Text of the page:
BL24C64I²C EEPROMDatasheet
BF-B 1223
AT1846SSingle-Chip TransceiverWebsite
RDA 5802NSingle-Chip Broadcast FM Radio TunerDatasheet
LM358LDual Operational AmplifeerDatasheet
TDA2822Low Voltage Power AmpliferDatasheet
NoneHitachi HD44780 LCD Controller / DriverDatasheet

The digital circuits on the board (2, 3, 4, 5, 8) are controlled primarily through I²C by the microcontroller (1). Two analog amplifiers (6, 7) amplify the audio from the onboard microphone (6) and the external microphone/speaker connectors (7).


Front and reverse circuit board sides with integrated circuits of interest outlined and numbered

(1) EM78P568 Microcontroller (Red)

This microcontroller is powered by a low-power, high-speed 8-bit RISC microprocessor with 26 Kilobytes of one-time programmable (OTP) read only memory.


EM78P568 block diagram. Image courtesy of Elan Microelectronics Corp.


It also features tone generators capable of generating Continuous Tone Coded Squelch System (CTCSS) and Dual Tone Modulated Frequency (DTMF), as well as detectors for both. These can be used as a means of access control to a repeater—a radio that broadcasts the CTCSS tone will have its message relayed, while a radio that doesn't broadcast the tone will not.

Alternatively, it can be used to enable reception on a particular receiver without disturbing other listeners on the channel. Imagine having a dozen users on the same channel and the ability to transmit to an individual user, subgroup, or the entire userbase.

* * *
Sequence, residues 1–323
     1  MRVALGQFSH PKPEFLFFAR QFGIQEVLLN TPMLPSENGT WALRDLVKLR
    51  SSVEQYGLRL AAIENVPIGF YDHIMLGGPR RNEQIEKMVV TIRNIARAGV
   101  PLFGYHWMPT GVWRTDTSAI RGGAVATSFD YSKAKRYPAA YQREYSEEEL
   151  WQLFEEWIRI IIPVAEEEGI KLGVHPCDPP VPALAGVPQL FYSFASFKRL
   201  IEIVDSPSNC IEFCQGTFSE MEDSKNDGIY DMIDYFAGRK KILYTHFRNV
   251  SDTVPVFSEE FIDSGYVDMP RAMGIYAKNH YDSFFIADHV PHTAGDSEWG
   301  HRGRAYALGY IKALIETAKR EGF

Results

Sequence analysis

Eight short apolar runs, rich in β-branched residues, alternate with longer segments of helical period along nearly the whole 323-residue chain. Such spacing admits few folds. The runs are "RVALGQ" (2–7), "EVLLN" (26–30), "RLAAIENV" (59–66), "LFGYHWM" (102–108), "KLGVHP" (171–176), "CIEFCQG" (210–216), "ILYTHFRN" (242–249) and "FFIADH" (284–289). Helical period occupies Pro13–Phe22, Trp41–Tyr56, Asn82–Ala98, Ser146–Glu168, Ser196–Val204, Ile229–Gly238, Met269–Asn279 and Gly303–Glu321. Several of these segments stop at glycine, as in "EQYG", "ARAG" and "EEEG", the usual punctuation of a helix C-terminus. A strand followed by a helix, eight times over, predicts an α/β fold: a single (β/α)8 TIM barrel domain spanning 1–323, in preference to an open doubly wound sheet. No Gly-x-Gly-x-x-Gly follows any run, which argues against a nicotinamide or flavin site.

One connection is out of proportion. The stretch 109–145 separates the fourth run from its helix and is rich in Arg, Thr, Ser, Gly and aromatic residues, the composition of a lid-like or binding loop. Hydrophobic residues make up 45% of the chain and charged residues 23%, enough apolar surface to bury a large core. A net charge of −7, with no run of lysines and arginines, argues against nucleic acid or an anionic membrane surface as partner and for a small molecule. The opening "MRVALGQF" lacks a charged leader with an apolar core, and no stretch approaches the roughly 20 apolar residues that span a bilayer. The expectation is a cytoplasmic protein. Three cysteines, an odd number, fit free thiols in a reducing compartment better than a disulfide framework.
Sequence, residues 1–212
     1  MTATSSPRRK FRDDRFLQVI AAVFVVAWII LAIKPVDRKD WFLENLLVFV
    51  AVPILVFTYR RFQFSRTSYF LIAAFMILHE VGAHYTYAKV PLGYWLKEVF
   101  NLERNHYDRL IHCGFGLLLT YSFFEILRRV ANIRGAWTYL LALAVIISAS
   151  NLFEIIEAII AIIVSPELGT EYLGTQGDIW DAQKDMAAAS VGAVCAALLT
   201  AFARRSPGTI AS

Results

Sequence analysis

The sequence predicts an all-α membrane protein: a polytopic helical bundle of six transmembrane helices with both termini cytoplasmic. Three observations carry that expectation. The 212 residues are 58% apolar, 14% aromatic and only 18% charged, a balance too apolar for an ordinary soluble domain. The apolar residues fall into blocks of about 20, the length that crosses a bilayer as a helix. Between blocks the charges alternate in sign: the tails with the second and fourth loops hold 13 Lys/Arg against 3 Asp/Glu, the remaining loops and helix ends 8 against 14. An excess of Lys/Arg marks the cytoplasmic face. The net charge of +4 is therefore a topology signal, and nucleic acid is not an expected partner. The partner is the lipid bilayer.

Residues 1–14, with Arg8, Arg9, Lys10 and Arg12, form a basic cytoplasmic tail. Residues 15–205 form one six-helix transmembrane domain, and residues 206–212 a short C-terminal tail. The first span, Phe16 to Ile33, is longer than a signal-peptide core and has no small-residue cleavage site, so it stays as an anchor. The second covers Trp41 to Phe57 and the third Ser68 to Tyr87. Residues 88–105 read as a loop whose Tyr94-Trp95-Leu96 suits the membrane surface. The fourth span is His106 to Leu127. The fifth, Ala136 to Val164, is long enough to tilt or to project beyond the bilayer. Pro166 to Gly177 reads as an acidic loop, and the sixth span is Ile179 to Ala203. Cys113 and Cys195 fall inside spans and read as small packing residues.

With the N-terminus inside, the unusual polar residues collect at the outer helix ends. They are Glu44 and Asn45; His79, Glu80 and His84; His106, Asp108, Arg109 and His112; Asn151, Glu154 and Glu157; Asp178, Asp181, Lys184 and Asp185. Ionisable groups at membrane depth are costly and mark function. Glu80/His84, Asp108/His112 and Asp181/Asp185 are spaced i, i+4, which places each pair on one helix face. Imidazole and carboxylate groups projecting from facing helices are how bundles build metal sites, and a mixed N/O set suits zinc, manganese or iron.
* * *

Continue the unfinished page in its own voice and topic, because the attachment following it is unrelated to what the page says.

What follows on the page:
(2) BL24C64 (Orange)


24C64 block diagram. Image courtesy of Microchip


This is an I²C Electrically Erasable Programmable Read Only Memory (EEPROM) that supports a maximum clock frequency of 400 kHz. There are three inputs on the IC that allow eight different addresses on the same line. Data is organized in eight 8192 bit blocks.

(3) BF-B 1223 (Yellow)

I was not able to positively identify this integrated circuit. There is a possibility that it is the 8-pin Text-to-Speech (TTS) IC shown in the schematic.  

In the second radio I opened, the IC in the same spot was labeled "LT-ZY606". I have never seen an 8-pin TTS IC, and wouldn't have suspected it to be the TTS IC except for the 8-pin IC in the schematic labeled "Voice." 

Readers—if you know what IC this is, please let me know and I'll gladly update the article.

(4) AT1846S (Green)

This is a single chip transceiver IC. I was unable to find datasheets or information for the AT1846S, but the RDA1846 yields multiple results.


AT1846 Transceiver IC block diagram from its datasheet. Image courtesy of RDA MicroelectronicsClick to enlarge.


This chip is controlled by the main microprocessor through I²C and is responsible for the complete conversion from voice to radio and from radio to voice. This is the IC that provides the core functionality of the radio.

(5) RDA 5802 (Blue)

This is an FM radio tuner circuit that allows users to tune to the broadcast radio bands for reception only. It is controlled by the main microcontroller through I²C.